The Perils of Working From Home
When wandering over various and sundry science blogs, the Facebook pages of distant high school friends who have gone on to graduate school, one of the common complaints I read about is office space. Cramped quarters, irksome office mates and the like. And at times, I envy them.
You see, I work from home.
My department, for all its upsides, essentially doesn’t have office space for graduate students. There are a great many people, and I can think of three genuine offices that grad students occupy off the top of my head. At least one of those was never intended to be an office, and another will have its occupant evicted, I suspect, the moment we bring on another faculty member or post-doc. There are some study carols, but you might as well call the med school library “office space” if that’s the standard we’re going by. The result is that, unless you work for an outside group that has office space, or are one of the rare people doing wet-lab research and can steal some bench space, you work from home, the coffee shop, the library or wherever else suits you.
This does admittedly have its upsides. I get up when I want to, I can work as late as I want to without annoying the cleaning or security staff (I am the cleaning and security staff), and if I’m feeling under the weather, spending my day wrapped in a blanket while typing is utterly acceptable. Despite working in the sub-divided living room of my modest one-bedroom apartment, my office is probably bigger than any reasonable grad-student office, my desk absolutely is (I bought a monstrously large desk via CraigsList), and I’m essentially free from worrying about my stuff getting carried away.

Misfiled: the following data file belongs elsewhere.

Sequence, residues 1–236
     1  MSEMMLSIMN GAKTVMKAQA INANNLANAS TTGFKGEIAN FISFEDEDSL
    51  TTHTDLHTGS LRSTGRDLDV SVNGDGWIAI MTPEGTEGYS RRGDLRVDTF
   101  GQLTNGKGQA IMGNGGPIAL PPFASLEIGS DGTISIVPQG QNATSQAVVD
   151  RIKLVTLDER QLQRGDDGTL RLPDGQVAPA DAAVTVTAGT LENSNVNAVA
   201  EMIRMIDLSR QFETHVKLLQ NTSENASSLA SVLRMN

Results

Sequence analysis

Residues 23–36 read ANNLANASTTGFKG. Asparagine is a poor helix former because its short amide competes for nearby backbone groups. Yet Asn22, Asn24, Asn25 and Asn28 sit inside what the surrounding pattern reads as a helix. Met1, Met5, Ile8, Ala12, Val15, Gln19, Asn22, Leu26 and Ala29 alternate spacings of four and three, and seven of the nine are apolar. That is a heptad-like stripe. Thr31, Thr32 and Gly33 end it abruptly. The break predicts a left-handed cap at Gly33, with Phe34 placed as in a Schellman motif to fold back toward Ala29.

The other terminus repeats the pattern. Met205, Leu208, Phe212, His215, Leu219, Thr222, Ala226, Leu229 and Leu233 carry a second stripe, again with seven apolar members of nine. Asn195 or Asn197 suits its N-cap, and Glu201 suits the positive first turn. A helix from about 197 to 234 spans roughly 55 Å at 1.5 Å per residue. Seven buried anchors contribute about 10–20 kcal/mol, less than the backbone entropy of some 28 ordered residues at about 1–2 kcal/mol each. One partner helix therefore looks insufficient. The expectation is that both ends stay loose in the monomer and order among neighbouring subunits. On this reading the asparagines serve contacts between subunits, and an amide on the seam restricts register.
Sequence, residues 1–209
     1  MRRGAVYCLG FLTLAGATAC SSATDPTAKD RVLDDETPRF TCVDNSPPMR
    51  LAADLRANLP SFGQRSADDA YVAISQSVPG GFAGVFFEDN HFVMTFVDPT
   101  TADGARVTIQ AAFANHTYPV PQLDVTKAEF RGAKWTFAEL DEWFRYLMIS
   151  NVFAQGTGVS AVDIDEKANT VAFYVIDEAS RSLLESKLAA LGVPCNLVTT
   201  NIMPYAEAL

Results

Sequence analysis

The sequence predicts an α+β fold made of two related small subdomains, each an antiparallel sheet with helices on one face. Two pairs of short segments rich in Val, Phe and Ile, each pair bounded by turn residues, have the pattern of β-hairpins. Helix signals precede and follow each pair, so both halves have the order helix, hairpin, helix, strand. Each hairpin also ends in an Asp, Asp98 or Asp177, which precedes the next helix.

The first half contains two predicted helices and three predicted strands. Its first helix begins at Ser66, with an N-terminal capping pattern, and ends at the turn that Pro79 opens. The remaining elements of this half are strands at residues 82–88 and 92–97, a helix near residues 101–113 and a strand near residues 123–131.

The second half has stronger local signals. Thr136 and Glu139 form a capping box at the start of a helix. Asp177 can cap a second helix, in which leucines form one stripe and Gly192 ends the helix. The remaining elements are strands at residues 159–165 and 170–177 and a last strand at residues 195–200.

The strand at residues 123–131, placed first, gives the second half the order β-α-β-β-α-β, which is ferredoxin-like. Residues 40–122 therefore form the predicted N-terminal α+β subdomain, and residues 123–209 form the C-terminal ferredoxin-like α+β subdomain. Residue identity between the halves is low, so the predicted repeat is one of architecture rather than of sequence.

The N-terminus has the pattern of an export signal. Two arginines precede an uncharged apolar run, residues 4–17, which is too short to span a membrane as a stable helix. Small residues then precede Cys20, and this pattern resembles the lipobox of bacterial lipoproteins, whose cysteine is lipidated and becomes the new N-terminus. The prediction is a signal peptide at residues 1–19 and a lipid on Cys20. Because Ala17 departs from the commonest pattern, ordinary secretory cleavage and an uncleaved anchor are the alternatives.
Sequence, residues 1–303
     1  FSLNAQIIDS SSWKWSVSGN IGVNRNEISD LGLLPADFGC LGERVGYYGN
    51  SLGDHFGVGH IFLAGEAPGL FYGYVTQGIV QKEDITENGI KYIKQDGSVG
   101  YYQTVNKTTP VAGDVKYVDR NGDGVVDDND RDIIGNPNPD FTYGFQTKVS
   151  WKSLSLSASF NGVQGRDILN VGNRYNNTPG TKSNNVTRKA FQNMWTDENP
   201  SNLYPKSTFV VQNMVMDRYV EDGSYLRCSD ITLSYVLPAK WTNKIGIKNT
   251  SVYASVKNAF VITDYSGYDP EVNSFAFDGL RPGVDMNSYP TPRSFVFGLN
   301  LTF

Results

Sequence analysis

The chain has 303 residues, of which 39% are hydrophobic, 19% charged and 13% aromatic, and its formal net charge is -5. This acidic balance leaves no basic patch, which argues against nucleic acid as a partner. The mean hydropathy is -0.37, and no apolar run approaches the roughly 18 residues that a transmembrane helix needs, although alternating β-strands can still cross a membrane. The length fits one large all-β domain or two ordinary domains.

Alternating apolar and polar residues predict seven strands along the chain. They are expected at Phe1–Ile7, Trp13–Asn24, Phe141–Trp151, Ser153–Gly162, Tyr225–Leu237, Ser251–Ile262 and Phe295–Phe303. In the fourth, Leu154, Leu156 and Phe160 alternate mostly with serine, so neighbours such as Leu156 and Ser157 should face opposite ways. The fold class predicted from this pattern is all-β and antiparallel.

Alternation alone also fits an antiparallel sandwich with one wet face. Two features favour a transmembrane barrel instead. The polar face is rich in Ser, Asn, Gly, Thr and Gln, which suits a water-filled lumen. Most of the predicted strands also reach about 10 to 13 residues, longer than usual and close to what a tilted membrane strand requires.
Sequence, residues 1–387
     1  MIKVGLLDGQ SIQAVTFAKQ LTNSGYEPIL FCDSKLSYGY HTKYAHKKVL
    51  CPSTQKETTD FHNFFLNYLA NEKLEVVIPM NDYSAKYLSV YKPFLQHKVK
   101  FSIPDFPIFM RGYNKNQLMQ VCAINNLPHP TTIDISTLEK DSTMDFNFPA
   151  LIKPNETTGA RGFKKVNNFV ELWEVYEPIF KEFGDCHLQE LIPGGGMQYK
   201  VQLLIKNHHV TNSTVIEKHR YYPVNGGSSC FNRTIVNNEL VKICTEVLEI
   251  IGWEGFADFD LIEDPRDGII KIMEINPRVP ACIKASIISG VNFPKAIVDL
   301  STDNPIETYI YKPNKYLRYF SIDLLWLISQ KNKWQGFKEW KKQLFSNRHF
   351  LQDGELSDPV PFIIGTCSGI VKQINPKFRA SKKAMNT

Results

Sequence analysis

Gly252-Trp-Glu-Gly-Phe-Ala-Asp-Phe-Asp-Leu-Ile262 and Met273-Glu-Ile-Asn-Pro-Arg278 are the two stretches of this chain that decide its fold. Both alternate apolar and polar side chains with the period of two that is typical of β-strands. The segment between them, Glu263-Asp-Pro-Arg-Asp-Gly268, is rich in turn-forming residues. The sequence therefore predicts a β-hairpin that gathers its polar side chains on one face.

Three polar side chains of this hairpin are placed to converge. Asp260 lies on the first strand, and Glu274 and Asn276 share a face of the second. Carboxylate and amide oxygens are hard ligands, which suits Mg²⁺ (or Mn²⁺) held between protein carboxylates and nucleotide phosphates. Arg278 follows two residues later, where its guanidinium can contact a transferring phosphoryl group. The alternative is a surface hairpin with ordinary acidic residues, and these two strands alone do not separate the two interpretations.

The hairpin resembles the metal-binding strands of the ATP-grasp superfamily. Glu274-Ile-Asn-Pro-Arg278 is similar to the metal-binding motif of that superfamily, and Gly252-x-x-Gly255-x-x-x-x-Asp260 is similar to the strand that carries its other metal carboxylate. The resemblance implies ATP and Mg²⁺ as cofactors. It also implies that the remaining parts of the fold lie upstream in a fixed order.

But it does come with its downsides. The two that impact me the most seem to be:
- Infinitely many distractions. Admittedly, I can get myself distracted just fine at work, or anywhere where there is internet. But working from home is really bad for distractions. The TV’s right there, so is the couch, and video games, and a dozen other ways to put things off and tell yourself you’re being productive – like dishes, and an unmade med, and the wall you’ve been meaning to paint…
- It’s very hard to keep up a barrier between “work” and “home” when they’re the same geographic location. It’s handy when say the cable company has given you an appointment time between 8 and 3, but the default position is to have the person who is home deal with “home stuff”. Which can take massive chunks of time out of the day. The only two solutions I’ve found are either that time being made up later and being in a weird quasi-work state for long amounts of time, or aggressively defending work-time being unavailable for various and sundry household issues. Both are…less than perfect as solutions.
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